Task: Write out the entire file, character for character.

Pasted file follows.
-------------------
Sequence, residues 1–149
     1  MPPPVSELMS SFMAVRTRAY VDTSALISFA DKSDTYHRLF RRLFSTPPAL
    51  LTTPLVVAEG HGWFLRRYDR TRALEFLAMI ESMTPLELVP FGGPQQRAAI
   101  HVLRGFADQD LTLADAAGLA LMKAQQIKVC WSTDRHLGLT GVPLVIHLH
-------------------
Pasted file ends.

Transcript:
Sequence, residues 1–149
     1  MPPPVSELMS SFMAVRTRAY VDTSALISFA DKSDTYHRLF RRLFSTPPAL
    51  LTTPLVVAEG HGWFLRRYDR TRALEFLAMI ESMTPLELVP FGGPQQRAAI
   101  HVLRGFADQD LTLADAAGLA LMKAQQIKVC WSTDRHLGLT GVPLVIHLH